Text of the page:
London Views

By HOLLAR, W[enceslaus], 1645 
£8,000

Byrsa Londinensis vulgo the Royal Exchange [and] Castrum Royale Londinense vulgo the Tower [and] Piazza in Conventgarden [and] S. Marie Ouer’s in Southwarke

London British Isles
  • Author: HOLLAR, W[enceslaus]
  • Publication place: [London
  • Publication date: c1647].
  • Physical description: Four etched views.
  • Dimensions: 160 by 265mm. (6.25 by 10.5 inches). Plate size: 151 by 260mm.
  • Inventory reference: 18235

Notes

During the mid-1640s, Hollar produced a series of four views of notable locations in the City of London. The first focuses on the Royal Exchange, which Queen Elizabeth I officially opened on 23rd January 1571, granting it the licence to sell alcohol and valuable goods. Based on the Antwerp bourse, it was designed to be the trading centre of the City of London.The original building, built and largely funded by Sir Thomas Gresham, was destroyed in the Great Fire of London in 1666, but its image is preserved in the present print by Wenceslaus Hollar.

Flemish-Italianate buildings surround an open courtyard used for trading, with covered porticoes used in the event of rain. The square bell tower, which rises up in the background, was surmounted with a grasshopper, although this detail is not particularly distinct on the view. The first floor has niches where statues stand between the pilasters, and only one window in the centre of each side. Figures stand or walk beneath the arcades and in the court, with one man chasing some small boys with a rod. The title is presented above in a banner held be a putto.

The second print shows the Tower of London. During the Civil War, the Tower was held by Parliament, along with its important arsenal of gunpowder and artillery which enabled Parliament to equip an army of 20,000. The Tower itself, however, did not play an important role in the conflict, although it was during the subsequent Commonwealth that the first permanent garrison was installed there. Hollar’s print of the Tower, made towards the end of the war, is viewed from across the River Thames, with Traitor’s Gate visible to the front. The foreground of the image is crowded with pinnace-rigged ships, rowing boats and cargo vessels on the waters of the Thames, as well as figures walking and working on the wharf.

Third if Covent Garden. The first recorded use of this name is from a document of 1515 that details how the local Abbey granted a lease of the walled garden. Over the following centuries the site underwent many developments, for example in 1630 when Inigo Jones was commissioned to design and build a church and three terraces of buildings around the large piazza. The external houses initially attracted London’s elite, although the invasion of coffee houses, taverns and prostitutes during the mid-seventeenth century eventually drove them out. It is this period of expansion depicted by Hollar in his view of the Piazza in Conventgarden”, published in 1647. It shows the market from the west looking at the facade of the Jones’ church. Short posts delineate the square itself, although there does not seem to be any specific activity associated with it at this time. Figures are passing through the piazza by foot, on horseback and by carriage.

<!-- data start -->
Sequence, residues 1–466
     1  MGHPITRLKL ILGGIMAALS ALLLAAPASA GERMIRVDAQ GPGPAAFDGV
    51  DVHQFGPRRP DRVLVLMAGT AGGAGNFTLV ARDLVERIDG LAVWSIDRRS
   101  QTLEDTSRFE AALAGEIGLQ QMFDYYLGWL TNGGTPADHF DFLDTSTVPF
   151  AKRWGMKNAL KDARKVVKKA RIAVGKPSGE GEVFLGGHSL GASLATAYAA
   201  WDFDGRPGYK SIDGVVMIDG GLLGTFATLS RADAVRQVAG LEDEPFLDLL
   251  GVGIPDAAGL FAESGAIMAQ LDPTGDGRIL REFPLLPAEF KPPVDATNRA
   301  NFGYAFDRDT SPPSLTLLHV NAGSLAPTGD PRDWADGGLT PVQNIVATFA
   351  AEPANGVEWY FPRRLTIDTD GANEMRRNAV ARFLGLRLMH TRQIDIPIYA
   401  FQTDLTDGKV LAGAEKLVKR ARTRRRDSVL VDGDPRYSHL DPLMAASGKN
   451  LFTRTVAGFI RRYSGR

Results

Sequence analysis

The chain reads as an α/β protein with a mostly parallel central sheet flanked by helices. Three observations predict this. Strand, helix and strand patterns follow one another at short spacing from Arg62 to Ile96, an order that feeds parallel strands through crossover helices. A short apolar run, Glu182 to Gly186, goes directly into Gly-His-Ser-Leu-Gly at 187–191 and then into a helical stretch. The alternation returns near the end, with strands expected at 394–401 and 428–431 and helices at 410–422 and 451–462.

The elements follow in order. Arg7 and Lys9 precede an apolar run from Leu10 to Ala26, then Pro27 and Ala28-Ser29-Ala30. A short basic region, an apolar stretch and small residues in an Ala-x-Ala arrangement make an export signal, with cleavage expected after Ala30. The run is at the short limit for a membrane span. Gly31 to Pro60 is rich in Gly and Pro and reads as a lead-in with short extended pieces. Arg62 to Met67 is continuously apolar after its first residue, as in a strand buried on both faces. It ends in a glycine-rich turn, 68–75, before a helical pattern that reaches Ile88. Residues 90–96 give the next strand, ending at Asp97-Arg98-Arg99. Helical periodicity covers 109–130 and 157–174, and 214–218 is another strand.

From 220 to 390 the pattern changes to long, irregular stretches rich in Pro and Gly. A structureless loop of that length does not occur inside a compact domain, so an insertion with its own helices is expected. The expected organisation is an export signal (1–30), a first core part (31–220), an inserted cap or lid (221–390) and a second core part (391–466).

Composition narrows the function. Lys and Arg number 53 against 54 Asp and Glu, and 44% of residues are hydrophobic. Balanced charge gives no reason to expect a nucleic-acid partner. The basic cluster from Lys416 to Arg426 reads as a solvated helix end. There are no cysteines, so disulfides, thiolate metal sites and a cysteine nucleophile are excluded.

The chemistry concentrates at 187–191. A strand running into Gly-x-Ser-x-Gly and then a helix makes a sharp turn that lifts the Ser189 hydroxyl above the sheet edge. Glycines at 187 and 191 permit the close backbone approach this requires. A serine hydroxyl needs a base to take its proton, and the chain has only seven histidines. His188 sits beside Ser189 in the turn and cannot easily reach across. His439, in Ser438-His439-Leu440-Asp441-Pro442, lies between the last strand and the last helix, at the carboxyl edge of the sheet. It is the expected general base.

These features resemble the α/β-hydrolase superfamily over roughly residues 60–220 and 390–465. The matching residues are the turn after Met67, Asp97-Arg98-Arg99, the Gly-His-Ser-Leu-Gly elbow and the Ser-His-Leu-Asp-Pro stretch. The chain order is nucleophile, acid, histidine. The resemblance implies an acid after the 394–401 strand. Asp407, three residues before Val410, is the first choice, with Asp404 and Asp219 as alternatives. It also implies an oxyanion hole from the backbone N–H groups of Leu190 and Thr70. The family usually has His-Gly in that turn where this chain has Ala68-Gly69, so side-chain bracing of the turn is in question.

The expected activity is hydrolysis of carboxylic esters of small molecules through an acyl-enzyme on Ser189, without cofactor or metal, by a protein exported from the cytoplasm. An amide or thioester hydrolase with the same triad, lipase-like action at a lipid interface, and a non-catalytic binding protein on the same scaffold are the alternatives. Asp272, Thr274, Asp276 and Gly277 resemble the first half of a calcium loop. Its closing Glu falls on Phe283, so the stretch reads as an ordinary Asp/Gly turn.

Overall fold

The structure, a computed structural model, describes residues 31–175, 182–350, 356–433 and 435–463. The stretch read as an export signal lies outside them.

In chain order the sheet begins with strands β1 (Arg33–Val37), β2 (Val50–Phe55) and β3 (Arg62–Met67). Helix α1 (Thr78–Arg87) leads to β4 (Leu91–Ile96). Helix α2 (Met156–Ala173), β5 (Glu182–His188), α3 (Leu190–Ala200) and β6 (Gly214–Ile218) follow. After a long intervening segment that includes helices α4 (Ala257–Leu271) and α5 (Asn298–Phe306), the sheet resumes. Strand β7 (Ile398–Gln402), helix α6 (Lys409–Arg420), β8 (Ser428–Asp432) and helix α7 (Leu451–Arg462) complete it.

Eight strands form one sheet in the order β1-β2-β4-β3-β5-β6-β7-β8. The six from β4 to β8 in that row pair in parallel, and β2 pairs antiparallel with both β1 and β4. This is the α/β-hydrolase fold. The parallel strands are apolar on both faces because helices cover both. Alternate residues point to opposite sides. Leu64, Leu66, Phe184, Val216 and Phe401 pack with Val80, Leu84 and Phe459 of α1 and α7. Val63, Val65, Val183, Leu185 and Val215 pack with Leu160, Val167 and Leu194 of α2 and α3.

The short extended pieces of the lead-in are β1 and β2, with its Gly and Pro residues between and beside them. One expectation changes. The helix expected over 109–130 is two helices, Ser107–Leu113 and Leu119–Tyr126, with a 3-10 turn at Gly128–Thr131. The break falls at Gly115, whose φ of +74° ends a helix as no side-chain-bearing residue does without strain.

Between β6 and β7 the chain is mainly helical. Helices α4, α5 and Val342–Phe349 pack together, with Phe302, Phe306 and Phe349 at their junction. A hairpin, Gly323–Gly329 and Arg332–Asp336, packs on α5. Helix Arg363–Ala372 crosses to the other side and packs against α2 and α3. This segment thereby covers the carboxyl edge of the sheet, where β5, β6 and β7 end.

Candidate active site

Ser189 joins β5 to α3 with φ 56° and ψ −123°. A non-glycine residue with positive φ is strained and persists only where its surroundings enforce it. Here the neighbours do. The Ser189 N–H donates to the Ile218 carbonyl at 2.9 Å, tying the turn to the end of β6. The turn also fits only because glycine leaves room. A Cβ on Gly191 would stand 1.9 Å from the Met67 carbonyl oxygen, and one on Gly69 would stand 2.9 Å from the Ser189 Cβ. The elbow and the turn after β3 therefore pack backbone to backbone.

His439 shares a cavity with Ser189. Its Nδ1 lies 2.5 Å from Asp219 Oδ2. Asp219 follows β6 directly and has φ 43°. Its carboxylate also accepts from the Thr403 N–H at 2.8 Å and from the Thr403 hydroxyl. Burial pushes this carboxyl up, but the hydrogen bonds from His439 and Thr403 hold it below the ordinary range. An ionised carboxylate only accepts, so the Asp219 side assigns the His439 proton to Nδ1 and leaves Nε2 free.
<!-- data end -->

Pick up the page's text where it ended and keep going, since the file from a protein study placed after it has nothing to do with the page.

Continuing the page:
Finally Hollar presents what is now Southwark Cathedral, presenting the church’s impressive facade from the south, with numerous stained glass windows and a high tower at the centre. It was in fact from the top of this tower that Hollar drew his great panorama of London in the same year. Thought to have long been a nunnery dedicated to the Virgin Mary, the site was consecrated in 1106 as an Augustinian priory. The site was later re-dedicated as the Church of St Saviour’s after the dissolution of the monasteries, before eventually being established once again in the name of St. Mary. The name given by Hollar, S. Marie Ouers’ ”, refers to the fact that it was considered to be over’ the river, being situated on the south bank.

In the foreground, people are gathered in the cathedral’s courtyard, perhaps preparing to enter, while in the background the many buildings of the city can be seen across the river, captioned London”. The building to the left of the cathedral may be Winchester House, although Hollar does not identify it by name. 

Bibliography

  1. NHG Hollar 946–949 II
  2. Pennington 907–910.
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